When Cross Spur Quarter Horses first started, it was to simply fill the need for reliable horses. Since then, its program has grown and become a fixture in Missouri.
You never forget your first love, and for Cross Spur Quarter Horses it was “Boogie.” Leslie and Robin Morris credit Hancocks Boogie King for their start in the breeding business, and the blue roan’s absence is still felt on the Humansville, Missouri, ranch since his passing in 2003. But through grace and perseverance, the family has rebounded and continued to raise versatile ranch horses.
It began when Leslie, a fulltime cowboy, had a difficult time finding a using horse in Missouri or Kansas that could hold up to the rigors of day work.
“We couldn’t find anything for me to ride,” recalls Leslie. “I usually had three in my string, plus a colt, and they had a hard time keeping weight on. So we bought a stud colt from Crago’s [Quarter Horses in South Dakota] in 1997.”
The weanling colt was Boogie, by PC Bronsin and out of a Docs Decatholon mare. PC Bronsin was by Sun Frost, and his dam was a daughter of John Red by Red Man.
“Boogie was Sun Frost bred, and we’ve stuck with that line. And there are a lot of Hancock horses out there, and some have a bad reputation. But we found the Red Man horses aren’t that way. John Red was a AAA racehorse by Red Man. He had a lot of speed and was really athletic. They have super dispositions.”
Within three years Boogie was booked full and Leslie was staying busy cowboying in the area riding his homebred mounts.
“We bought a few mares and we were going to raise our own and see if we could sell the colts for what we bought the mare for. Then it would pay off for us to raise a few,” says Robin. “Everybody started coming here to look at them and they were snatching them up. Now we’ve sold horses in 32 different states.”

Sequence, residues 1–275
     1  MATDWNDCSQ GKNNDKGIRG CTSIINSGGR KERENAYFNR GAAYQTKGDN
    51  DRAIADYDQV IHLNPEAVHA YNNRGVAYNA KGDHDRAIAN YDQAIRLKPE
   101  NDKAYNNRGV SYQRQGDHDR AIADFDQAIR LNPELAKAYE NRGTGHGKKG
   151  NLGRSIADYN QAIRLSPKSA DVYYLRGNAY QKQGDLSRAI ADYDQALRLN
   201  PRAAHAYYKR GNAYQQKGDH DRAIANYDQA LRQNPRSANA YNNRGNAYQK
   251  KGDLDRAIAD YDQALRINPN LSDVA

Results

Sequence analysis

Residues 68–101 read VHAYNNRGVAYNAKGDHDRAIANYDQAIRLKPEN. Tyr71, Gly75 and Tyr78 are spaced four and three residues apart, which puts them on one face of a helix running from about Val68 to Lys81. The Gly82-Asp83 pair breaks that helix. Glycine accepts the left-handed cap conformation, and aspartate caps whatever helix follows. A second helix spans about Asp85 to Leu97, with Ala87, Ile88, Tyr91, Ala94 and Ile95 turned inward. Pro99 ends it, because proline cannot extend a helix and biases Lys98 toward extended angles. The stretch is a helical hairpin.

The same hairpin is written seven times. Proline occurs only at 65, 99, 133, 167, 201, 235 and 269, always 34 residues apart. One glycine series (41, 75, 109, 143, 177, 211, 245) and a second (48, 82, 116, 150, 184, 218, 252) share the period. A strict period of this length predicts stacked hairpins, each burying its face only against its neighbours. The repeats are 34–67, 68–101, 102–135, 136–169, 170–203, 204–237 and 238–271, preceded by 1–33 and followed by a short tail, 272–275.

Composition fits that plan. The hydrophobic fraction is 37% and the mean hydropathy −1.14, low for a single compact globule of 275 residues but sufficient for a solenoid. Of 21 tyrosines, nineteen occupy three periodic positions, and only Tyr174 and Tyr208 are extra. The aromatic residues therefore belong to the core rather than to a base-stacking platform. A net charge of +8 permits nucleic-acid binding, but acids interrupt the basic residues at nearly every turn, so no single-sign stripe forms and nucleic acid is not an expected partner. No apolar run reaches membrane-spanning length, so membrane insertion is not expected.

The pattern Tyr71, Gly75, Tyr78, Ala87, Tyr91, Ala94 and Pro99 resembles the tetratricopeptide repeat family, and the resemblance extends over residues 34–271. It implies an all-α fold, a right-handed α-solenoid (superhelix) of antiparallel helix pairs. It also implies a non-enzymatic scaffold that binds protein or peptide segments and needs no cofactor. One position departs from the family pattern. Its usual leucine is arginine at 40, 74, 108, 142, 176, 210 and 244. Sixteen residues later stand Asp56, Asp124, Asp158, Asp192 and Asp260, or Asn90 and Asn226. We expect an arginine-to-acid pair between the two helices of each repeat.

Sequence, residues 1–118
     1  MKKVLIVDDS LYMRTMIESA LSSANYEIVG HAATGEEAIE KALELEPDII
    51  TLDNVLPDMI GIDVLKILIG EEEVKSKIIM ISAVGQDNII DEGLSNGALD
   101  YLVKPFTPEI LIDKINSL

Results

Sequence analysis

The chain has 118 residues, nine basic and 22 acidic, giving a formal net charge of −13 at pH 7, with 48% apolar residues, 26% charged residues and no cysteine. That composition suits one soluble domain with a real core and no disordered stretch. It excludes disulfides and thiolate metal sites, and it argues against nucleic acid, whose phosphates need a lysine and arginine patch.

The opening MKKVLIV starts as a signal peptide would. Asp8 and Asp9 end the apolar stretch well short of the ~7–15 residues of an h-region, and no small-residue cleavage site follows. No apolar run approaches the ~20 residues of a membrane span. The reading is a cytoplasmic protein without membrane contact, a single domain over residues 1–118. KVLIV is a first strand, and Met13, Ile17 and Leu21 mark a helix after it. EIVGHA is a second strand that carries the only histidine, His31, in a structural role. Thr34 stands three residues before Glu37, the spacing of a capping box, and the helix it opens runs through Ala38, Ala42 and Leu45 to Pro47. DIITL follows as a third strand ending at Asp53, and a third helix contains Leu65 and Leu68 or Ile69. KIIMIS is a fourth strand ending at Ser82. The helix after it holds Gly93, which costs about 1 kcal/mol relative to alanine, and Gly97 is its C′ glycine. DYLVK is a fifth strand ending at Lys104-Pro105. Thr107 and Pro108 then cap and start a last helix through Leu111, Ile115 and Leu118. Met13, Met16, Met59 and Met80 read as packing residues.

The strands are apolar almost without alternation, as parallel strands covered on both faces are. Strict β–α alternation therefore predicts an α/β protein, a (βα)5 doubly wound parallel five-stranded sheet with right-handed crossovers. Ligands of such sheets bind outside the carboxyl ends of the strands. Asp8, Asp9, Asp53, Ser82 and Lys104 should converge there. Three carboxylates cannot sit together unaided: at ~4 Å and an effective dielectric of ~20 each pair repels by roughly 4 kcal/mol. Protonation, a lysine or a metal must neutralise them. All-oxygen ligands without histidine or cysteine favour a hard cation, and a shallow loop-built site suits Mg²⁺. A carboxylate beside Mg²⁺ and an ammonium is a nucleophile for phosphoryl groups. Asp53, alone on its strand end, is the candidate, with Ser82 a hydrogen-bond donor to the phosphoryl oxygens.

“We raise Sun Frost-bred horses and then breed them back to Blue Valentine ranch horses. It helps the Blue Valentine be more athletic, but you still have the bone and substance.”
In 2003, Boogie suffered a bowel torsion and had to go in for surgery. Within 24 hours, the Morrises had to say goodbye to the stallion that started it all.
By then Leslie and Robin’s passion for breeding good horses was established, so they began to look for a new stallion prospect. They hoped to find a suitable replacement their clients would like, ideally one by Boogie’s sire, PC Bronsin.
“We had bought a couple of fillies by Frosty Drifter Ike,” Robin explains. “We had Boogie booked full that year, and we thought, ‘What are we going to do?’ We asked the couple [who owned Frosty Drifter Ike] if they would consider selling him, and we talked them into it.”
Leslie remembers the day he went to go pick up the stallion, and how difficult it was for his owners to let him go.
“If the wind would have blown him out of the trailer, they would have kept him,” he says.
“Ike” was the first Driftwood-bred horse at Cross Spur. He was by PC Bronsin and out of Driftwood Janae, a granddaughter of Orphan Drift by Driftwood Ike. His first get were “phenomenal,” the Morrises say, and both they and their clients were thrilled.